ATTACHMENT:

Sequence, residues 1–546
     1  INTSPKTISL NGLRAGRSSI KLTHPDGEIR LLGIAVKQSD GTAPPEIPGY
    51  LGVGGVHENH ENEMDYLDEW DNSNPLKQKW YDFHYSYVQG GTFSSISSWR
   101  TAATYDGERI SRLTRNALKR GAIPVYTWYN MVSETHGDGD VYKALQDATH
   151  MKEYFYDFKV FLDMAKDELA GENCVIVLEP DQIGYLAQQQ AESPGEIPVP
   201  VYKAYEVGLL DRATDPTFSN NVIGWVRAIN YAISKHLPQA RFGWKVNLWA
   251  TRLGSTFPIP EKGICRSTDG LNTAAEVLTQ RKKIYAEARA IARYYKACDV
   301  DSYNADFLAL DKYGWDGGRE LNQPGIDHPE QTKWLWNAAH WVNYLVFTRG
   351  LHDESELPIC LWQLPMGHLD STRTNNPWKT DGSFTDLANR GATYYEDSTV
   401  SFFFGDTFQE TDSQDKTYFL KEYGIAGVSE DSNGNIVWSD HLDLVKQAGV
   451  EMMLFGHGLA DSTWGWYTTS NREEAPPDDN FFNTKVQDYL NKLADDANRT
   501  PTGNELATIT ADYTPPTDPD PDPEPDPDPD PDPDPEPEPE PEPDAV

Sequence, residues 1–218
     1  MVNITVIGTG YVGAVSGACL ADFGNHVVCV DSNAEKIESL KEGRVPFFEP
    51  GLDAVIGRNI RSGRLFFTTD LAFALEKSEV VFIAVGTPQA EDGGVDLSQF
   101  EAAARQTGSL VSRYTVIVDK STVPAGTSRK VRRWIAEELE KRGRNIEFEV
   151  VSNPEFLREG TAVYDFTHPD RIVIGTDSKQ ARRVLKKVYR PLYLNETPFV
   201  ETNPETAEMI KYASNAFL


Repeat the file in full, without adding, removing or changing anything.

Sequence, residues 1–546
     1  INTSPKTISL NGLRAGRSSI KLTHPDGEIR LLGIAVKQSD GTAPPEIPGY
    51  LGVGGVHENH ENEMDYLDEW DNSNPLKQKW YDFHYSYVQG GTFSSISSWR
   101  TAATYDGERI SRLTRNALKR GAIPVYTWYN MVSETHGDGD VYKALQDATH
   151  MKEYFYDFKV FLDMAKDELA GENCVIVLEP DQIGYLAQQQ AESPGEIPVP
   201  VYKAYEVGLL DRATDPTFSN NVIGWVRAIN YAISKHLPQA RFGWKVNLWA
   251  TRLGSTFPIP EKGICRSTDG LNTAAEVLTQ RKKIYAEARA IARYYKACDV
   301  DSYNADFLAL DKYGWDGGRE LNQPGIDHPE QTKWLWNAAH WVNYLVFTRG
   351  LHDESELPIC LWQLPMGHLD STRTNNPWKT DGSFTDLANR GATYYEDSTV
   401  SFFFGDTFQE TDSQDKTYFL KEYGIAGVSE DSNGNIVWSD HLDLVKQAGV
   451  EMMLFGHGLA DSTWGWYTTS NREEAPPDDN FFNTKVQDYL NKLADDANRT
   501  PTGNELATIT ADYTPPTDPD PDPEPDPDPD PDPDPEPEPE PEPDAV

Sequence, residues 1–218
     1  MVNITVIGTG YVGAVSGACL ADFGNHVVCV DSNAEKIESL KEGRVPFFEP
    51  GLDAVIGRNI RSGRLFFTTD LAFALEKSEV VFIAVGTPQA EDGGVDLSQF
   101  EAAARQTGSL VSRYTVIVDK STVPAGTSRK VRRWIAEELE KRGRNIEFEV
   151  VSNPEFLREG TAVYDFTHPD RIVIGTDSKQ ARRVLKKVYR PLYLNETPFV
   201  ETNPETAEMI KYASNAFL